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Ingrown Toenails

When a toenail is ingrown, it can often curve and grow into the skin at the sides of the nail (Ungulabia).  In certain cases the nail can also grow into the skin at the end of the toe (Hyponychium).

It is 8 times more likely for males to suffer from ingrown nails in comparison to females. Male adolescents are at the highest risk of suffering from this condition.

Signs & Symptoms

When a toenail is ingrown, it can often curve and grow into the skin at the sides of the nail .

The nail portion that is “digging in” damages the skin, often creating pain, redness, swelling, and warmth in the toe.

If an ingrown nail causes a break in the skin, bacteria may enter and cause an infection in the area, which is often marked by clear drainage or yellow puss with a foul odour. However, even if the toe isn’t painful, red, swollen, or warm, a nail that curves downward into the skin can progress to an infection.


Causes of ingrown toenails include:

  • Heredity
    In many people, the tendency for ingrown toenails is inherited.

  • Trauma
    Sometimes an ingrown toenail is the result of trauma, such as stubbing your toe, having an object fall on your toe, or engaging in activities that involve repeated pressure on the toes, such as kicking or running.

  • Improper trimming
    The most common cause of ingrown toenails is cutting your nails too short. This encourages the skin next to the nail to fold over the nail.

  • Improperly sized footwear
    Ingrown toenails can result from wearing socks and shoes that are tight or short.

  • Nail Conditions
    Ingrown toenails can be caused by nail problems, such as fungal infections.


While an ingrown nail may appear a simple disorder, a physical examination of the affected toe is vital to enable our podiatrist to visualise the exact cause.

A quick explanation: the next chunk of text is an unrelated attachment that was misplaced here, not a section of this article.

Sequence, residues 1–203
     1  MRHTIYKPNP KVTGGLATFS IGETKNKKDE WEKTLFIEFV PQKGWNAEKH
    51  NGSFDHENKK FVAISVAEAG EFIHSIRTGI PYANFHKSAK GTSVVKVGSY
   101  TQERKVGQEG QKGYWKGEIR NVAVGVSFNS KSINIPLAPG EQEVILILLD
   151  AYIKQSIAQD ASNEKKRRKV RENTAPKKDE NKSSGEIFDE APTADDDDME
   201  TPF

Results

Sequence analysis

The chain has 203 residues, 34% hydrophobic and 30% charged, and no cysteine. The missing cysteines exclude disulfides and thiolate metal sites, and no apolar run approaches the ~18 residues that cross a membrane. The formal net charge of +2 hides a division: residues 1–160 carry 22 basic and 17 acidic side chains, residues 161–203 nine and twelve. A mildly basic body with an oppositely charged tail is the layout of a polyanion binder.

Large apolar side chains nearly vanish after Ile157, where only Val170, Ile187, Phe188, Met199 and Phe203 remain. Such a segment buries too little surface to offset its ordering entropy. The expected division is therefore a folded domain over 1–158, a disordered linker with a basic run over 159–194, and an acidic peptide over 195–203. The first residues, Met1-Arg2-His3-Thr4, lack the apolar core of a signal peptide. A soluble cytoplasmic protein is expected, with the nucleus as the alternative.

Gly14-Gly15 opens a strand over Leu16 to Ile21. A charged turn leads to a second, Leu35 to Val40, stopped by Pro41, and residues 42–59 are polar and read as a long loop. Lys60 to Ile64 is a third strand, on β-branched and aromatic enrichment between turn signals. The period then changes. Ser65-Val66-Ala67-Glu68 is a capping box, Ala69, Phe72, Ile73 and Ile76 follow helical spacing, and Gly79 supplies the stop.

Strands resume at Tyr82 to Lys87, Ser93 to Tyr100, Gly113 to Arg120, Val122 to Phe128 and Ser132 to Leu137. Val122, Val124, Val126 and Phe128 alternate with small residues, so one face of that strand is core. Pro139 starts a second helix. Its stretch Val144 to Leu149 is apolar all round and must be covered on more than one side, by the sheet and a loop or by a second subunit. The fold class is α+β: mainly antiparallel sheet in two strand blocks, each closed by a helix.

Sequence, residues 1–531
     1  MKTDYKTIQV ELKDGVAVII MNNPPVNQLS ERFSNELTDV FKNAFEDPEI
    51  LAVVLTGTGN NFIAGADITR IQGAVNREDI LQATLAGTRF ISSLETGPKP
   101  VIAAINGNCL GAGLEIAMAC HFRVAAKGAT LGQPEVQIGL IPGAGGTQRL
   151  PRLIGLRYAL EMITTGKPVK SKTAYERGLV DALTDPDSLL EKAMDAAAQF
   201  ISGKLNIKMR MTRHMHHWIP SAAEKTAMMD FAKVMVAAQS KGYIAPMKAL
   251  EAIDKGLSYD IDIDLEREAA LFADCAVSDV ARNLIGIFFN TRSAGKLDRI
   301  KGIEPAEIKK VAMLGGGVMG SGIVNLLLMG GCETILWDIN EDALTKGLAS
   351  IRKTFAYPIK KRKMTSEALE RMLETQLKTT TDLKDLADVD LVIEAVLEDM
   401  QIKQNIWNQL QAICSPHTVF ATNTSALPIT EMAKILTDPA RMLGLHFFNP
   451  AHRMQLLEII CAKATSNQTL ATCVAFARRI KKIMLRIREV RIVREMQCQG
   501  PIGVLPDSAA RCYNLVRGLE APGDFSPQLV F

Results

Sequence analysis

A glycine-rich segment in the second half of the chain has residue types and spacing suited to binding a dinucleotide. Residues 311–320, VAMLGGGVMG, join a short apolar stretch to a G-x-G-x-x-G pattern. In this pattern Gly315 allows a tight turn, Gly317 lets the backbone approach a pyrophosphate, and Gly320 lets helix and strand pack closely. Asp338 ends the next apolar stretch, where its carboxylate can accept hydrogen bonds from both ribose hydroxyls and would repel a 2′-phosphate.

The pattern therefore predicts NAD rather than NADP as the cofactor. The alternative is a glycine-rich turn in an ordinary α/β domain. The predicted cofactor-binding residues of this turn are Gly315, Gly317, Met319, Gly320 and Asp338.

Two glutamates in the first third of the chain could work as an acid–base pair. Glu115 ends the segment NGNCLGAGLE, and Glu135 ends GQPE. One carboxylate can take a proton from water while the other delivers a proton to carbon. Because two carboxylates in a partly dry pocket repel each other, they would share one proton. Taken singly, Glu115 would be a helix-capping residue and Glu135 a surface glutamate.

Our specialist podiatrist, Stefan, is highly qualified and experienced with over 30 years of clinical practice. His knowledge and experience enables him to offer a thorough, in-depth assessment of your condition.

Sometimes an X-ray is required if an underlying bony cause is suspected. This could include the presence of a Subungual Exostosis (a bony cartilaginous benign growth) underneath the nail plate, that distorts the nail plate, pinching the soft-tissue underneath the nail plate and on top of the Distal Phalanx, producing acute pain upon gentle compression.

Once a diagnosis is determined, he will spend time to fully explain your condition, providing treatment options aimed at providing you with a long-term pain relief for your specific condition.


After examining the toe, our specialist podiatrist, Stefan, will select the treatment best suited for you. If an infection is present, an oral antibiotic may be required.

Sometimes a minor surgical procedure to remove the offending portion of ingrown nail is required. This helps to ease the pain and resolve the infection at the toe. After administering a local anaesthetic, the part of the affected portion of nail can be painlessly removed. This procedure is called a Partial Nail Avulsion or PNA for short. Following this nail procedure, a light bandage will be applied. Most people experience very little pain after surgery and may resume normal activity the next day.


Avoid attempting "bathroom surgery".  Repeated cutting of the nail can cause the condition to worsen over time.  If your symptoms fail to improve, it's time to seek professional help.

Many cases of ingrown toenails may be prevented by:

  • Proper trimming. Cut toenails in a fairly straight line, and don’t cut them too short. You should be able to get your fingernail under the sides and end of the nail.

  • Well-fitted shoes and socks. Don’t wear shoes that are short or tight in the toe area. Avoid shoes that are loose, because they to cause pressure on the toes, especially when running or walking down hill, running or walking briskly.

What you should know about home treatment

  • Don't cut a notch in the nail. Contrary to what some people believe, this does not reduce the tendency for the nail to curve downward.

  • Don't repeatedly trim nail borders. Repeatedly trimming does not change the way the nail grows, and can make the condition worse.

  • Over-the-counter medications are ineffective. Topical medications may mask the pain, but they don't correct the underlying problem.

For further advice or to make an appointment, please get in touch with our professional team.